jmgoyder

wings and things

A rabbity argument

Ming and I had an argument the other day about our rabbit plague. He said they were attracted to the wheat I feed the peacocks, guinnea fowl, geese, duck etc. I said, what nonsense – everyone around here is being rabbit plagued!

It was only when I went outside to feed the birds the other afternoon that I realized Ming is absolutely right!

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Shooting bunnies

When I was a kid, we used an expression, “shooting a bunny” if anyone broke wind. I’m not quite sure where that expression comes from but my youngest brother still says it!

Well, so far I haven’t had the heart to shoot the bunnies and this is one of the reasons why.

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They are kind of cute!

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Annie get your gun!

Well last week I finally got my firearms licence and was able to collect Anthony’s rifle from the lockup. It was a rather strange rigmarole which began three months ago when a policeman came to the door and frightened the hell out of me (because I keep getting speeding tickets – another story). He said he had come to seize the guns because Anthony’s licence had expired due to nonpayment of annual fees. I said I had deliberately let that go because Ants was in a nursing home now, so not in any fit state to shoot, and that I had no idea where the gun cabinet key was but his brother probably had the guns anyway. The policeman said he would go across the road and ask the brother and give me a few days to find the key.

So, as the brother did have the rifle, but said he didn’t have the other three guns (an air rifle and two shotguns), the policeman seized the rifle and put it in the lockup place for me to pick up when I got my own licence. Then I had to search for the gun cabinet key. Now you might be wondering why on earth I didn’t know where this was but (a) I have never known Anthony to shoot anything and (b) pre-nursing home, he had a habit of hiding strange things in strange places throughout the house and (c) when the new gun laws came in way back when, we got the gun cabinet and it hasn’t been opened since – nearly 20 years ago!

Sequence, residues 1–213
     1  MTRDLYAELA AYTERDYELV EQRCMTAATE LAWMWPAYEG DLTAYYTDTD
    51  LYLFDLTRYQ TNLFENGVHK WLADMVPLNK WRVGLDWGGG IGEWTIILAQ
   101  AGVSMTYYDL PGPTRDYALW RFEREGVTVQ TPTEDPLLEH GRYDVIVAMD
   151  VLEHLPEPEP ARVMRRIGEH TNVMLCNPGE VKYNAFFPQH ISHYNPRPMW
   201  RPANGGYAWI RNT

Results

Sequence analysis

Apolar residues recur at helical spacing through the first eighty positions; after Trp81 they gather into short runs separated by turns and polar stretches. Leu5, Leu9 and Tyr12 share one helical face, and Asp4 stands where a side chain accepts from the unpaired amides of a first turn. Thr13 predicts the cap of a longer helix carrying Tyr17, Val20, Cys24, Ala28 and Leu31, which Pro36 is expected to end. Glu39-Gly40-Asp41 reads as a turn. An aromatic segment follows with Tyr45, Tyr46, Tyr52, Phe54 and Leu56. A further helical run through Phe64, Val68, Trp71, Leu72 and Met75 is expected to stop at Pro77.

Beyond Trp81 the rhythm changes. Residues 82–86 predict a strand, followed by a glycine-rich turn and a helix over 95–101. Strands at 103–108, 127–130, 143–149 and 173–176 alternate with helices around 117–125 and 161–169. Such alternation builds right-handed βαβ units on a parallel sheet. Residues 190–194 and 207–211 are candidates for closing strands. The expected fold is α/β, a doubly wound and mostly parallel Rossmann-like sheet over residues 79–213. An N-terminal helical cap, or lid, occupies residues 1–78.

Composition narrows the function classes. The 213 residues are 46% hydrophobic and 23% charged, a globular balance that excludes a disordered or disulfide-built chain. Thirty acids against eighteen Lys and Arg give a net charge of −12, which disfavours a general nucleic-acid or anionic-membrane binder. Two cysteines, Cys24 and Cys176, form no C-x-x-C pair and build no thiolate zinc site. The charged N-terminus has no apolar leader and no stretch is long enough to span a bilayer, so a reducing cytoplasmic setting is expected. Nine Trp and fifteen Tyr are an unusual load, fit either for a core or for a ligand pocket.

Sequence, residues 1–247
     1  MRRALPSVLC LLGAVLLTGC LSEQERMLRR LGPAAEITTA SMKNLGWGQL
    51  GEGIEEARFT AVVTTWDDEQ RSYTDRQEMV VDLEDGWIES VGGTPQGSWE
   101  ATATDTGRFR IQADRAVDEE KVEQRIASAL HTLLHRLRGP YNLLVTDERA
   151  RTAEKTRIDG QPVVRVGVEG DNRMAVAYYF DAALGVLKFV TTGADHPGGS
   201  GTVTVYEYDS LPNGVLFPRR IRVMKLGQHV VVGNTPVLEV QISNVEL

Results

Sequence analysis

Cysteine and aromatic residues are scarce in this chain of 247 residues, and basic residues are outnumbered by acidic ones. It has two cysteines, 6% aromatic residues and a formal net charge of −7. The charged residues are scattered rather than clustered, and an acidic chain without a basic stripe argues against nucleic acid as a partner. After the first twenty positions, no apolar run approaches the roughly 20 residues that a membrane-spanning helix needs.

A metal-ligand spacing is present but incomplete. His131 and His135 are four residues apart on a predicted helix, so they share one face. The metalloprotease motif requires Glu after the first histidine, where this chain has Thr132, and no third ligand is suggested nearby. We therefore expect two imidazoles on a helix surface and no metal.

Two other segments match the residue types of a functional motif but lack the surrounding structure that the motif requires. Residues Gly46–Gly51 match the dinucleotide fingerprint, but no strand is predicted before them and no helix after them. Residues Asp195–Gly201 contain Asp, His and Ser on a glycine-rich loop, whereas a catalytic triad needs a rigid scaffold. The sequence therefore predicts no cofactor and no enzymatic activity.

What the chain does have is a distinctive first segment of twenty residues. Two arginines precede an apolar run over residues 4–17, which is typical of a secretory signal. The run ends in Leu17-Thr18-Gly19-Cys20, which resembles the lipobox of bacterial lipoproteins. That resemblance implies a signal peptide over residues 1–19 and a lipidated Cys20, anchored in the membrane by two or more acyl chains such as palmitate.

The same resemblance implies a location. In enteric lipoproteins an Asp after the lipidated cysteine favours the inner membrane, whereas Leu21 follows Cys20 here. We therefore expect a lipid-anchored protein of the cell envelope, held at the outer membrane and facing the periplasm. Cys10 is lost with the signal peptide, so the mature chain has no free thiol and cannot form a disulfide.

I didn’t even know what was in the stupid cabinet except I recalled Anthony putting a bunch of antique walking sticks in it (yes, he was eccentric even before the Parkinson’s disease). Anyway, after a 3-day search of all the nooks and crannies, I found a zillion keys, including the one for the gun cabinet.
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Inside was one rotting old shotgun (which had to be seized and destroyed) and the walking sticks.
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You see, I have to shoot the rabbits before they dig up the foundations of the house. Of course I am not relishing this horrible task, because I love animals, but these rabbits are taking over. Here is one of the bigdaddies flirting with one of the peahens – argh!
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I will get a better shot of how MANY rabbits are here tomorrow. If I can’t do it with the camera, how will I do it with the rifle? Oh dear.

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Well now I’ve seen everything!

Phoenix 1, our golden pheasant male, was actually flirting with a baby rabbit! Golden pheasants perform their mating ritual by fanning out the feathers around their heads on one side, then turning around and doing the same thing on the other side. When we had our female pheasants, the two males did this continuously (which obviously drove the females crazy and may be why they disappeared!) So now that we only have the one male, he tends to flirt with every bird that is roughly his size – the new hens for instance. And now a baby rabbit!

It was difficult to get decent pictures of this little incident because it all happened so fast. Phoenix 1 had been terrorizing this baby rabbit with his flirting when suddenly the mother rabbit chased him off. Hilarious!

A moment after I took this second picture, the mother rabbit collided with Phoenix 1 and he got a terrible fright and flew into the closest tree. I stood there amazed and grinning.